Media access to MPs crucial for democracy, say Pacific journalists

Journalist Tiana Haxton (left) from the Cook Islands and journalist Esther Pavihi from Niue stand outside Parliament House in Wellington. Image: RNZ


Media are a crucial part of the democratic process and accessibility to politicians is key to informing the public, say Pacific journalists visiting New Zealand. 

Esther Pavihi from the Broadcasting Corporation of Niue (BCN) and Tiana Elle Haxton of the Cook Islands Television News and Radio Cook Islands (RAR CK) are spending two weeks with RNZ Pacific in Wellington as part of the PCBL Media Exchange.

Both journalists say media access to MPs in New Zealand is different to their home countries.

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New Zealand media often crowd MPs to ask questions as they walk into the debating chamber. This area is known as ‘the tiles’ or ‘the bridge’ and often has the dinging sound of the division bell in audio recordings. 

“The politicians are very welcoming of the media and their questions and for the members to respond immediately” said Pavihi.

“Back home that doesn’t happen, it takes us quite a long time to get a response from members of Parliament and that’s if we get one.”

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The main chance to get comment from Cook Island MPs on a sitting day is when they take a break said Haxton.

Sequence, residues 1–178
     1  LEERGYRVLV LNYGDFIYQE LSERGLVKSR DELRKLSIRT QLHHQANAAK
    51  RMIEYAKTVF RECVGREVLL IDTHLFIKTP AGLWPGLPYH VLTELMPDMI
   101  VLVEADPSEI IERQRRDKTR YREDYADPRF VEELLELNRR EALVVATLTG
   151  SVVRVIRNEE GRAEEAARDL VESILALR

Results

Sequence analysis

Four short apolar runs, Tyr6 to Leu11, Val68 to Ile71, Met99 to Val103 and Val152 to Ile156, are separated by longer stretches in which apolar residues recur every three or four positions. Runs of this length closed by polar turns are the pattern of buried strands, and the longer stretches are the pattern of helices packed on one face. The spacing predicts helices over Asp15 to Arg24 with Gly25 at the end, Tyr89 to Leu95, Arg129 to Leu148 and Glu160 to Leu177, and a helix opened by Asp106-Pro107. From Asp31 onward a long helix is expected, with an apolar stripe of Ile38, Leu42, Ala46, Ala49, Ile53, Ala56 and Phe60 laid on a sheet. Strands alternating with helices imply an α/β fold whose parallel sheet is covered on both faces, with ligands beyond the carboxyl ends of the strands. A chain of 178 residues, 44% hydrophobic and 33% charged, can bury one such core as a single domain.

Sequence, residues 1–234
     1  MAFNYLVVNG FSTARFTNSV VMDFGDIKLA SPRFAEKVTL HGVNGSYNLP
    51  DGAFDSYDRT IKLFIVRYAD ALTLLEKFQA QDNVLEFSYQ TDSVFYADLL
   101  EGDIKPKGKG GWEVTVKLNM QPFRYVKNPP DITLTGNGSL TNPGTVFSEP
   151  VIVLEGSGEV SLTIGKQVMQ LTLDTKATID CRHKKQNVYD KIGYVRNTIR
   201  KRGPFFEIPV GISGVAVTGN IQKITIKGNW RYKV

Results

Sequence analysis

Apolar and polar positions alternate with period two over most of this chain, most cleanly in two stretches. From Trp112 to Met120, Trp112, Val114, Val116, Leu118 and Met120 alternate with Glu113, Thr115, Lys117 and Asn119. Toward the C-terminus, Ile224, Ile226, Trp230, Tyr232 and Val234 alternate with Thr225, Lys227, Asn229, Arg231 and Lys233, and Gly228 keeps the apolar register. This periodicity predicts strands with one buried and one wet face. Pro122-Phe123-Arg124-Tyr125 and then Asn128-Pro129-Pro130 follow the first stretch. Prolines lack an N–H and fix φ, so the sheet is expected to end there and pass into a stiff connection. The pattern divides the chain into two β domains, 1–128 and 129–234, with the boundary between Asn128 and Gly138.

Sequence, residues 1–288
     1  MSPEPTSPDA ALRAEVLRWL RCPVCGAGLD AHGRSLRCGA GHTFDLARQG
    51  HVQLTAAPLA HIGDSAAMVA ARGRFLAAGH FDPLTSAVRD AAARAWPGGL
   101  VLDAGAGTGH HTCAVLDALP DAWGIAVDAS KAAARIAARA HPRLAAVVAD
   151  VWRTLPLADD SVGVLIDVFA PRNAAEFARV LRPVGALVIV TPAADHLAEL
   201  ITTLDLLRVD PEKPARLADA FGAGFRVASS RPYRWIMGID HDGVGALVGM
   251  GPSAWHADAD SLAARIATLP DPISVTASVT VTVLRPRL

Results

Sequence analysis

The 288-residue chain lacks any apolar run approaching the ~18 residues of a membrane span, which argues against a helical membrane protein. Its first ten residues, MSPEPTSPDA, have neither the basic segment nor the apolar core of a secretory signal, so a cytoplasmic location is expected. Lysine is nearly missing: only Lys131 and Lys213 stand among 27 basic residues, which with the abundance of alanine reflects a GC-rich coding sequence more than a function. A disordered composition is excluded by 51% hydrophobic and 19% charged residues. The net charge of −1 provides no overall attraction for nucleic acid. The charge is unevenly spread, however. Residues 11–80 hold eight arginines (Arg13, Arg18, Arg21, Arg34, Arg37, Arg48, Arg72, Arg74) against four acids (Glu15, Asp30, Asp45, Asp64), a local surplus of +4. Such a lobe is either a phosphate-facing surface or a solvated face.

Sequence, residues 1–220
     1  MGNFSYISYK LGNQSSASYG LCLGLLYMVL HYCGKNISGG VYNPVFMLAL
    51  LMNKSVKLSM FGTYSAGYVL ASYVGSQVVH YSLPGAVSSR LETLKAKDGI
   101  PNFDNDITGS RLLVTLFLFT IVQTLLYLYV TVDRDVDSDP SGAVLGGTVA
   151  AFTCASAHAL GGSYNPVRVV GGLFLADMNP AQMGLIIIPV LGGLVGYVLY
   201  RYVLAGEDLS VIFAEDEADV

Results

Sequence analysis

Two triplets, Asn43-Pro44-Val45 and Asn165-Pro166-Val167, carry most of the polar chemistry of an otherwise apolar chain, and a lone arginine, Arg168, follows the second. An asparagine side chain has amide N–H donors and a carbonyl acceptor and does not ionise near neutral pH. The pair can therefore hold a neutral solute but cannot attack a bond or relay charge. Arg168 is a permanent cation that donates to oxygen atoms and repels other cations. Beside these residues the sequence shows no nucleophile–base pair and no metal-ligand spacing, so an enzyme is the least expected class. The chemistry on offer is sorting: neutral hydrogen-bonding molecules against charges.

“There’s a relatively alright relationship between the parliamentarians and the media but when it comes to asking the questions that people need to have the answers to, that is my area of focus.”

Access to MPs is made more difficult in the Cook Islands by the geographical spread of electorates across the ocean where flying to an electorate can take hours, and a sometimes unpredictable sitting calender.

Further differences include the rowdiness of the New Zealand Parliament’s Question Time which is an hour of 12 questions to Ministers designed to either support or expose the Government.

“It is a lot louder,” said Haxton.

“I noticed that people would intervene here and there and add their own comments from the sidelines and we don’t have that in the Cook Islands. You might have a couple of people  ‘mm-ing’ and ‘ah-ing’ but that’s about it.”

Shouting out across the chamber while an MP is speaking doesn’t happen in the Pacific Islands said Pavihi. 

“We’re more polite in how we discuss issues of national importance,” she said.

“Two opposite sides of the [NZ] house are barking at each other basically and the level of intervention and how the Speaker has had to stand on his feet to bring the house to order, that never happens back in Niue.”

Pavihi said debate does happen but is more polite and the MP who has the floor is allowed to speak for their allotted time without interruption.

“We want people to be able to hear what is said by a member rather than listening to a whole lot of arguments and quite petty things that are being called out,” said Pavihi.

This article is published under the Pacific Media Centre’s content partnership with Radio New Zealand.

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